On Liturgical Asceticism
David W. Fagerberg
|March 2013||In Print|
|March 2013||In Print|
Drawing on the Eastern Orthodox tradition of asceticism and integrating it with recent Western thought on liturgy, David W. Fagerberg examines the interaction between the two and presents a powerful argument that asceticism is necessary for understanding liturgy as the foundation of theology. Asceticism may have been perfected in the sands of the desert, but it is demanded of every theologian and, indeed, every Christian. It grants the capacity for pondering liturgy and sharing the life of Christ. Fagerberg brings to light asceticism's essential importance in liturgical theology.
Fagerberg's earlier work, Theologia Prima, understood liturgy as the foundation of theology. To that framework, he now adds the relevance of asceticism. Asceticism was understood to overcome the passions by cooperating with grace. It detailed how to train the life of grace and produce what the ancient church called a theologian. Fagerberg carries the wisdom of the earliest centuries forward. He develops a new framework called liturgical asceticism that combines discipline with sharing the life of Christ.
ABOUT THE AUTHOR:David W. Fagerberg, associate professor of theology at the University of Notre Dame, is the author of What Is Liturgical Theology? and Theologia Prima.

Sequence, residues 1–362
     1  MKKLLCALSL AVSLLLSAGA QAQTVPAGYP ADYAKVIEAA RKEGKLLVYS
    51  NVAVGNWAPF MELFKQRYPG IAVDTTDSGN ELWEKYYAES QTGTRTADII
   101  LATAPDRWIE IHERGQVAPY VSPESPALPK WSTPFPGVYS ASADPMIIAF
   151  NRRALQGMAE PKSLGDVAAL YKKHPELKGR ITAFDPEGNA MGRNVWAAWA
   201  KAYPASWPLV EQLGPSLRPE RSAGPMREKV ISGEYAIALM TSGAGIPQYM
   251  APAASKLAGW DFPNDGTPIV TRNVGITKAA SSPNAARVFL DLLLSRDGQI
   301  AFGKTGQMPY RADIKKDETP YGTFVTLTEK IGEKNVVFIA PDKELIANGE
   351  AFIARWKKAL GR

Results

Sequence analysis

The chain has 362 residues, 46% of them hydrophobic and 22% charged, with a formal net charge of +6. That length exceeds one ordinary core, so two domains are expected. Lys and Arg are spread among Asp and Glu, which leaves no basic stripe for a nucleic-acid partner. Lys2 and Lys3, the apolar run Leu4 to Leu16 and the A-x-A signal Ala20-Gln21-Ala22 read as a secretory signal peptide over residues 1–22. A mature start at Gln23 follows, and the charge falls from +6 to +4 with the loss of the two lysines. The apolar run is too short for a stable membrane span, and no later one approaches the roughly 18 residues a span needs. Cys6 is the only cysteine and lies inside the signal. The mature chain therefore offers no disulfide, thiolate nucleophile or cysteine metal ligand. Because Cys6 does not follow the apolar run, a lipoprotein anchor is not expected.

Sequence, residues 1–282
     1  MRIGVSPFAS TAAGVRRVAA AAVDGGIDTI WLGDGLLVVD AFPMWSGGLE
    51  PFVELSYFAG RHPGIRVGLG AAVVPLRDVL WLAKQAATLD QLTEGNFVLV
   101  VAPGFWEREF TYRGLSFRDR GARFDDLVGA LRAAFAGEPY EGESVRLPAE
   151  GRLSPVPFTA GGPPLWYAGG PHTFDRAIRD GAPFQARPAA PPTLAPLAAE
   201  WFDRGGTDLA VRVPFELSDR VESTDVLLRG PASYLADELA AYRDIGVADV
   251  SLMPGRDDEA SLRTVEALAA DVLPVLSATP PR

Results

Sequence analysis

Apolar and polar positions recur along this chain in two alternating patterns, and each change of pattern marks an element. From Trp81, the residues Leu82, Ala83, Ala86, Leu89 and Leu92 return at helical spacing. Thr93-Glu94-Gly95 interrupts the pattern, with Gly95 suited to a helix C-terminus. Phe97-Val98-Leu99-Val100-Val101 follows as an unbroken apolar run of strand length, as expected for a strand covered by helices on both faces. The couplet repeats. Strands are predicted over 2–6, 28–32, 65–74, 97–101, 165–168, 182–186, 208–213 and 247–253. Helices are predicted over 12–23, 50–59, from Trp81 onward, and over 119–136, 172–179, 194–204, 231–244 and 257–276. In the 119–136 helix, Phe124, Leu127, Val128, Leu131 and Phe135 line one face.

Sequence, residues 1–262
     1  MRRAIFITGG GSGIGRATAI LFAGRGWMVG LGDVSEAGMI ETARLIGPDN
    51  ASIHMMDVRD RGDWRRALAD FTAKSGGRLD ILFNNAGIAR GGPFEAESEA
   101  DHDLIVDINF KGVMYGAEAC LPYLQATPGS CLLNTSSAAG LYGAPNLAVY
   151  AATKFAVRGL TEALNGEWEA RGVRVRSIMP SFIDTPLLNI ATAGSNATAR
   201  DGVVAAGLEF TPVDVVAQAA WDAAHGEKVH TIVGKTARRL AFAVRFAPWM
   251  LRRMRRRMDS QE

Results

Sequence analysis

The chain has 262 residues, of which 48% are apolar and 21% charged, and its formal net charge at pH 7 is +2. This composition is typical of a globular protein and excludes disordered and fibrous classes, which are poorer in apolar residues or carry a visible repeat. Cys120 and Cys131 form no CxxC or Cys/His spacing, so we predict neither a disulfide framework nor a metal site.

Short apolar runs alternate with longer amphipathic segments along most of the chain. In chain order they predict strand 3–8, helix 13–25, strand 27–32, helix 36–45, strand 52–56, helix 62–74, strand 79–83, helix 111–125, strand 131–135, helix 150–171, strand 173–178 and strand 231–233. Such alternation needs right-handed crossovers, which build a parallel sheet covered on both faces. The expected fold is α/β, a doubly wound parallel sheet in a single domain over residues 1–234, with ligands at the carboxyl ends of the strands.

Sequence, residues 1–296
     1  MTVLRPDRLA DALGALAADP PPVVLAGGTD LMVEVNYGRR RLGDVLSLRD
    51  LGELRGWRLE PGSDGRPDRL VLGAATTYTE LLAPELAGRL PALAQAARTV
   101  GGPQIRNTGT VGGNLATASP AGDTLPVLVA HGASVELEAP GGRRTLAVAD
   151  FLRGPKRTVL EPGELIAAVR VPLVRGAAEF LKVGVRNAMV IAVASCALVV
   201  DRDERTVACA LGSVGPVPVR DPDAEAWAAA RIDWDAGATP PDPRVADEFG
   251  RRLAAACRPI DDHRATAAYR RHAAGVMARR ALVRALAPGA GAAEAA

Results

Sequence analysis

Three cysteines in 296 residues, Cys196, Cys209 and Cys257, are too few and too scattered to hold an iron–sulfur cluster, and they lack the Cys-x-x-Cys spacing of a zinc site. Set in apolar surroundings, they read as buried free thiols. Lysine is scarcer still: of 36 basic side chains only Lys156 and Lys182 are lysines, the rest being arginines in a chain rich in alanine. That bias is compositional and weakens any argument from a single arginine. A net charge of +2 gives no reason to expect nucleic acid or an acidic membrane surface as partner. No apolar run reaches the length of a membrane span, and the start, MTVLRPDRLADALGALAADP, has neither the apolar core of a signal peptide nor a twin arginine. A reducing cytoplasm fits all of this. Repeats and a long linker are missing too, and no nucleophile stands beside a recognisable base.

PRAISE FOR THE BOOK:
"Fagerberg's contribution is creative and original. He presents an able and accessible summary of the Orthodox ascetical tradition--valuable in its own right--and combines it with creative insight to bring this tradition to bear on how we conceive our own participation in the liturgy and what effect this has on our understanding of theology. This brings the discussion of liturgical theology onto a whole new level."--Jeremy Driscoll, OSB, professor of theology, Mount Angel Seminary and Pontifical Athenaeum San Anselmo, Rome
"The idea of liturgical theology has become popular during the past few decades, wresting liturgy from the liturgiologists and testing what the church teaches against how the church prays liturgically. In this powerful and original book, David Fagerberg takes this development a stage further. By exploring Christian asceticism, mostly using Orthodox sources, he introduces another dimension, essential if liturgical theology is to be fully assimilated in the lives of Christians."--Andrew Louth, professor emeritus of patristic and Byzantine studies, Durham University
"Consistent with the tradition of the Church, Fagerberg aims to restore asceticism to its rightful place within liturgical theology. It is a rich journey through Chestertonian style, paradox and prose, and dense with wise quotes from the Desert Fathers." -Transpositions